Maybe not with such wild swings of momentum, but Kentucky Coach John Calipari expected a challenge at Mississippi State on Saturday afternoon.
That’s why he took an usual, if not unprecedented step in preparing his team at dawn.
“We came over at 7:30, and we did a shootaround,” Calipari said. “I never do that. I knew how tough this game was going to be. We may have run out of gas because I did that.”
Calipari cited the reason he broke from custom. “We had two other games at noon,” he said of matchups with Seton Hall and Alabama. “We lost both.”
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UK defeated Mississippi State 71-67, but it took resilience, resolve and how Hemingway defined courage: grace under pressure.
An 18-point second-half lead dwindled to a single point. A boisterous crowd in Humphrey Coliseum pleaded for the Bulldogs to complete the comeback. PJ Washington, the main man in the ensemble act that is this deep and talented Kentucky team, battled foul trouble and picked up his fifth with 1:47 left.
Hagans’ free throw with 8.9 seconds left clinched what seemed for a while to be a relatively easy victory. UK improved to 20-3 overall and 9-1 in the Southeastern Conference.
“We held onto the rope, but our hands are bleeding,” Calipari said of the competitive spirit required to win the game. “Let me tell you, we just held on.”
Washington led UK with 23 points, the fifth time in the last six games he has scored 20 or more. Keldon Johnson and Tyler Herro added 13 and 12 points, respectively.
Mississippi State fell to 16-7 overall and 4-6 in the SEC. Lamar Peters led the Bulldogs with 16 points. Quinndary Weatherspoon added 14.
Kentucky dominated the first half and led 40-25 at the break. That matched the Bulldogs’ largest halftime deficit of the season (39-24 against Arizona State on Nov. 19).
Kentucky’s second-largest halftime lead since November (topped only by the 45-15 debacle at Vanderbilt two weeks earlier) was the product of offensive and defensive superiority. This was reflected in UK outscoring Mississippi State 25-8 over the final 9:42.
“The first half won us the game,” Calipari said. But at halftime, he did not want his players taking bows.
“I said, ‘They got two runs in them,’” Calipari said he told the players. “‘So they’re going to come after us twice. You’ve got to withstand their two runs.”
The Bulldogs’ leading scorer — and the SEC’s fourth-leading scorer in league play — Weatherspoon was oddly invisible in the first half. He took only one shot (with 8:24 to go) and went scoreless.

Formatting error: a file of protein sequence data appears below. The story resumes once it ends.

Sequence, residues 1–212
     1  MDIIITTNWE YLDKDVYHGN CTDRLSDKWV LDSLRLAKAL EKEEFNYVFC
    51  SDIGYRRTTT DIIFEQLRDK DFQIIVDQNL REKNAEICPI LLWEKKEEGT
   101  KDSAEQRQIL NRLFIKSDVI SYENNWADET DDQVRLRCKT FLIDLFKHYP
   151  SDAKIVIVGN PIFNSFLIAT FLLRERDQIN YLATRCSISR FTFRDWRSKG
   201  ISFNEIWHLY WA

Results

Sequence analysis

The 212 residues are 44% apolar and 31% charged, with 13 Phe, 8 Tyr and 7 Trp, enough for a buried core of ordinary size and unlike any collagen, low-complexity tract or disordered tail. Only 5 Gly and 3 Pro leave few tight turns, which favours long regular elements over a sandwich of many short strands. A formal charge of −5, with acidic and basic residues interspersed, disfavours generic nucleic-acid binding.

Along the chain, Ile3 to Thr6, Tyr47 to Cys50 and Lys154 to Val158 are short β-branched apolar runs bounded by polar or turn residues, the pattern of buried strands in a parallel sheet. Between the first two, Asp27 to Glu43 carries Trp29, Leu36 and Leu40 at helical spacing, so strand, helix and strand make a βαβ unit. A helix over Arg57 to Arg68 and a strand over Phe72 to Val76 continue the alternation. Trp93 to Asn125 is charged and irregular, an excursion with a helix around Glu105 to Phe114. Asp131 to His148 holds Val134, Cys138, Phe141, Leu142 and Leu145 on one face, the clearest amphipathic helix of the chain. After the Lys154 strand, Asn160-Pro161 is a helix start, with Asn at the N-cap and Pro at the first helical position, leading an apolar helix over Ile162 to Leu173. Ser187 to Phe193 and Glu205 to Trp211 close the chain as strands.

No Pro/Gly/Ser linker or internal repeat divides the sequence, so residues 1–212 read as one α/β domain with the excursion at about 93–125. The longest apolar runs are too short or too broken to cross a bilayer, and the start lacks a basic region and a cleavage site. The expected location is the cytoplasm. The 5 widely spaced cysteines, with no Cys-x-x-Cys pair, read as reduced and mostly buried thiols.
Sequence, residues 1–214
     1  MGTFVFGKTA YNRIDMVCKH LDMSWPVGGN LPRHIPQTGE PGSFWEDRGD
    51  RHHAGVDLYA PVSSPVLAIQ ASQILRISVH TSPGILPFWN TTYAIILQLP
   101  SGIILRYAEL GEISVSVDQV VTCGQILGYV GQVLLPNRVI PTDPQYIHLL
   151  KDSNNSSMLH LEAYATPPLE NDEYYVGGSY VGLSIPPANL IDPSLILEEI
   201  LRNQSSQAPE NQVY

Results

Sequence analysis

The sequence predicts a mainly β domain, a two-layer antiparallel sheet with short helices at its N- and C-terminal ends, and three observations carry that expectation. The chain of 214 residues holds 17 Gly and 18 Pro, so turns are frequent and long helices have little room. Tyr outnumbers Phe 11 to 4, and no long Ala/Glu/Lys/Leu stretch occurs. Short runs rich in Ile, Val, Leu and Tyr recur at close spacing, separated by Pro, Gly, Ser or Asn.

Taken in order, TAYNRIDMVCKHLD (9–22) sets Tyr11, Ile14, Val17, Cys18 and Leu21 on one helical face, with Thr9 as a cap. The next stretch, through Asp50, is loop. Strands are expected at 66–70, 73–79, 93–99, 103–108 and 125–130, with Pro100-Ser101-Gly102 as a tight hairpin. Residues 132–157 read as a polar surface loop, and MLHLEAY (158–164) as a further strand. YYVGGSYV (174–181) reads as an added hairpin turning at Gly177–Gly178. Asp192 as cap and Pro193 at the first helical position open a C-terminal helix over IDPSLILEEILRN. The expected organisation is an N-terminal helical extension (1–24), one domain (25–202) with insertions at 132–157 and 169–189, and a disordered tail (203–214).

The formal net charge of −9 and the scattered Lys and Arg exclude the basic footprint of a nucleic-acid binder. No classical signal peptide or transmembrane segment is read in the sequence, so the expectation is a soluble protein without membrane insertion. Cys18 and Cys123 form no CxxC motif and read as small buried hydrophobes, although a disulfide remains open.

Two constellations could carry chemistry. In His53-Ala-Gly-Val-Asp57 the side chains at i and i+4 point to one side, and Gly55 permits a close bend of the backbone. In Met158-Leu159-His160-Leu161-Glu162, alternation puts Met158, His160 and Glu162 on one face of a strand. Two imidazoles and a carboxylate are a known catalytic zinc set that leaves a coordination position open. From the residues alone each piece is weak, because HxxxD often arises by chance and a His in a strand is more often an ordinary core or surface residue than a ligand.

“He’s got to get more than one shot for us to be successful,” Bulldogs Coach Ben Howland said. “No question.”
Already disgruntled State fans felt further aggrieved when Washington and Reggie Perry exchanged seemingly strategic elbows with 33.2 seconds left in the first half. Having grabbed a defensive rebound, Perry tried to fend Washington off his back with an elbow to the upper arm.
Washington returned the message by reaching out and placing a forearm on the back of Perry’s head.
Fans howled when they saw repeated replays on the video screens hanging over center court. The decision for offsetting technical fouls on both players caused more booing.
The technical saddled Perry with a third foul. He had been the Bulldogs’ hottest player, having scored 10-plus points in four straight games and posted three double-doubles in that span. Perry supplanted Kentuckian Aric Holman as a starter earlier this month.
UK’s lead reached its zenith at 49-31 on a Washington three-pointer with 16:32 left.
Weatherspoon finally scored with 18:15 left in the second half. He hit a three-pointer, one of two Mississippi State made inside the first two minutes after halftime. “Q,” as the Bulldogs’ top player is known, scored eight points in a 19-2 run. His two free throws reduced UK’s lead to 51-50 with 8:41 left.
Kentucky sought — and got — relief by going to Washington in the low post. His basket — UK’s first in more than four minutes, and second in more than eight — eased the tension. Weatherspoon hoped to draw a charging foul by going down as Washington made his move. The referee standing at the baseline shook his head from side to side.
But Mississippi State refused to go quietly. A three-pointer by Lamar Peters made it 65-61 with 3:29 left.
Then Herro hit a three-pointer off a loose ball in front of the UK bench with 2:58 left.
“How about that shot?” Calipari said. “… That was a dagger.”
“It was a huge shot …,” the Bulldogs’ coach said. “That was really a good defensive possession for us.”
No. 21 LSU at No. 5 Kentucky
7 p.m. Tuesday (ESPN)